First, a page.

Discover how to reduce the toxins in your environment, and help eliminate them from your body.
Toxin Toxout: Getting Harmful Chemicals Out of Our Bodies and Our World
By Bruce Lourie and Rick Smith
Knopf Canada, 289 pages, $29.95
Over the last decade, it’s been well established that Canadians are a toxic lot.
In separate research studies conducted by Health Canada and Environmental Defence, harmful chemicals such as bisphenol A (BPA) and polychlorinated biphenyls (PCBs) were found in people’s blood and urine samples. Toxic substances such as lead and methylmercury have even been found in the umbilical cords of newborns.
Many of those toxins have been linked with serious health effects, including heart disease, diabetes, cancer, infertility, and other conditions. So now what are we supposed to do?
Authors Bruce Lourie and Rick Smith answer that question in their latest book, Toxin Toxout: Getting Harmful Chemicals Out of Our Bodies and Our World. It’s a follow-up to their best-selling Slow Death by Rubber Duck: How the Toxic Chemistry of Everyday Life Affects Our Health(Knopf Canada, 2009).
While Slow Death by Rubber Duck made it clear that we’re polluted and the consequences are daunting, Toxin Toxout helps Canadians do something about it. By interviewing a vast range of experts and doing experiments on themselves and other willing volunteers, Toronto environmentalists Lourie and Smith arrive at simple strategies people can use to reduce the levels of pollutants in their bodies.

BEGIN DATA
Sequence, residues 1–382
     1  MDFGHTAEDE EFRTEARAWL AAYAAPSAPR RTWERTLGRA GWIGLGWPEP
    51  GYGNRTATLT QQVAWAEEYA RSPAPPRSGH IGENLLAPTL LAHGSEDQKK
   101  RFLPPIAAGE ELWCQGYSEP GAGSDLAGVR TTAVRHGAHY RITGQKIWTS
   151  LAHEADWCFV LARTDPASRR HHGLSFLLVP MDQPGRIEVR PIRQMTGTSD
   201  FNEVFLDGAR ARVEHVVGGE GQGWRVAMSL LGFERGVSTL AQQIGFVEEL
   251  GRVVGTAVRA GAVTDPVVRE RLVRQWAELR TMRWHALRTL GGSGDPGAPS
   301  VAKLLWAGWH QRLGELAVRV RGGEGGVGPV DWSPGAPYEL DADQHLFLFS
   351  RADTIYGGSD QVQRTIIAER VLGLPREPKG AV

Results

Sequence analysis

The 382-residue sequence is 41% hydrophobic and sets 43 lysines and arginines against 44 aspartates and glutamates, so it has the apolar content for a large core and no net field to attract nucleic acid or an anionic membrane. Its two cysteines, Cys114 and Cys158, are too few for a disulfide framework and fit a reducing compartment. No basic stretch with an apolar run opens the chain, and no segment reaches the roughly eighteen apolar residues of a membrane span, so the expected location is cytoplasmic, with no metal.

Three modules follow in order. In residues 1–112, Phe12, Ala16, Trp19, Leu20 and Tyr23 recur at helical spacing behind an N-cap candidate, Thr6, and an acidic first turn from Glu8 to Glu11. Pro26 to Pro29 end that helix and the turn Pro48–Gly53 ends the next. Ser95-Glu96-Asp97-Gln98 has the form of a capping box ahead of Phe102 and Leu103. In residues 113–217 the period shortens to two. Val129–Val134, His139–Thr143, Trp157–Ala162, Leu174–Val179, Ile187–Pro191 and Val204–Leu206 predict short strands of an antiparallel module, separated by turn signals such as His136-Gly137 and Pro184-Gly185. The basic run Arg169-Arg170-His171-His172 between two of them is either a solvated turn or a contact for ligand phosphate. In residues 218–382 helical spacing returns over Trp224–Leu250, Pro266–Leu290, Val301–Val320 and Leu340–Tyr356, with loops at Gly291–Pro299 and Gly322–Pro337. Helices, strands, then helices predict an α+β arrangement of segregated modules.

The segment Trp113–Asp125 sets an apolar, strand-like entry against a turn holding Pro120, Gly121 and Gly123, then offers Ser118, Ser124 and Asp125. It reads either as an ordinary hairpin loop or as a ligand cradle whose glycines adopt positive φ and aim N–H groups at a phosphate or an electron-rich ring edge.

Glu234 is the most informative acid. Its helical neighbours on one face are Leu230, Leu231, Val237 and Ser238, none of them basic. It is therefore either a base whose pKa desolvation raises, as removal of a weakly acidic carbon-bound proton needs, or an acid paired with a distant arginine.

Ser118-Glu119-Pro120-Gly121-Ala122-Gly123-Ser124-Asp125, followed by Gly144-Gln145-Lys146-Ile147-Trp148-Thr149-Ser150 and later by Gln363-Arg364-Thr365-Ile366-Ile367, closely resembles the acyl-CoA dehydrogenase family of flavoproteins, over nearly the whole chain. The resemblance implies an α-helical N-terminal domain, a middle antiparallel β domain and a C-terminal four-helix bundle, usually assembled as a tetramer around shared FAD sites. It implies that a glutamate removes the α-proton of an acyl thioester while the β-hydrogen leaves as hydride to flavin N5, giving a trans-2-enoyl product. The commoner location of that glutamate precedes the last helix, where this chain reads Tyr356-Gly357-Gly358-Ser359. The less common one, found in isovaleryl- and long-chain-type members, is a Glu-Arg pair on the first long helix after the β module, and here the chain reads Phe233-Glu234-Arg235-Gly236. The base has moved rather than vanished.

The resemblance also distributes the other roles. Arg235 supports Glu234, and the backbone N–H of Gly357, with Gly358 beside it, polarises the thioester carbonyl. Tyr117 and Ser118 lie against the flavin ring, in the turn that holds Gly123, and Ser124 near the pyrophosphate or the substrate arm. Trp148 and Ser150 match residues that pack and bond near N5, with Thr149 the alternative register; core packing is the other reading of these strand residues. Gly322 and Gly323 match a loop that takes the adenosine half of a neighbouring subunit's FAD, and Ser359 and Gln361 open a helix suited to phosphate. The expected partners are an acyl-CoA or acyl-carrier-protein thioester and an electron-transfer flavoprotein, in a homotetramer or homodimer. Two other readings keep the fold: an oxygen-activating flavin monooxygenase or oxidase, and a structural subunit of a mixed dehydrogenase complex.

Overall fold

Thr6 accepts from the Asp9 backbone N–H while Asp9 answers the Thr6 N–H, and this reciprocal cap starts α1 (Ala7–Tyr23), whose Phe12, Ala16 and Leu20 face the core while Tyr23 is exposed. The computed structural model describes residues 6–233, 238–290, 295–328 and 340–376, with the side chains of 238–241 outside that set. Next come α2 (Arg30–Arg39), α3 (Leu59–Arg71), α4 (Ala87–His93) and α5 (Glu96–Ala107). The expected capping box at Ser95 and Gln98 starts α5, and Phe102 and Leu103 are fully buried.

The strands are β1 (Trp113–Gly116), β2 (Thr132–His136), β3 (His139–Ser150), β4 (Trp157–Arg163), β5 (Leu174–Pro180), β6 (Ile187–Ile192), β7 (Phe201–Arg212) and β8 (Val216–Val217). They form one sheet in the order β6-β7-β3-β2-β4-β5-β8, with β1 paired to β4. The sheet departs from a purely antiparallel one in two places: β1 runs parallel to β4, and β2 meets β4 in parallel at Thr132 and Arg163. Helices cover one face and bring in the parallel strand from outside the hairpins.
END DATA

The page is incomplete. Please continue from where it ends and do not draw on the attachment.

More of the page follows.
Their research is fascinating. In one experiment, they compare levels of phthalates and parabens in two people who made the switch from conventional, chemical-laden personal care products to those deemed to be cleaner, greener, and safer. Over a period of eight days, the two used 50 products and gave several urine samples. The levels of phthalates and parabens spiked dramatically after their use of conventional items, declined dramatically when they used nothing at all, and continued to fall when they used nontoxic products. The results match other scientific data on chemical levels after the topical application of cosmetics.
The writers do similar experiments with food (conventional versus organic), various detox therapies (chelation and sweating in a sauna are effective “toxout” measures), and even chemicals that off-gas in a new car (levels of volatile organic compounds, or VOCs, increased significantly in two men who spent eight hours in an enclosed new vehicle).
Although there’s a lot of science in the book, it’s an engaging, easy, and enjoyable read. There’s a lot of practical information, but it’s delivered in an accessible tone, often a humorous one.
Managing what we eat, drink, breathe, and absorb is a big step toward guarding against the hazardous chemicals that surround us. Toxin Toxout makes the battle feel easier to take on.
Win this Book!
Two lucky winners will receive a signed copy of Toxin Toxout: Getting Harmful Chemicals Out of our Bodies and Our World.
Contest runs from May 1 to 30, 2014. For details and to enter, visit alive.com/contests.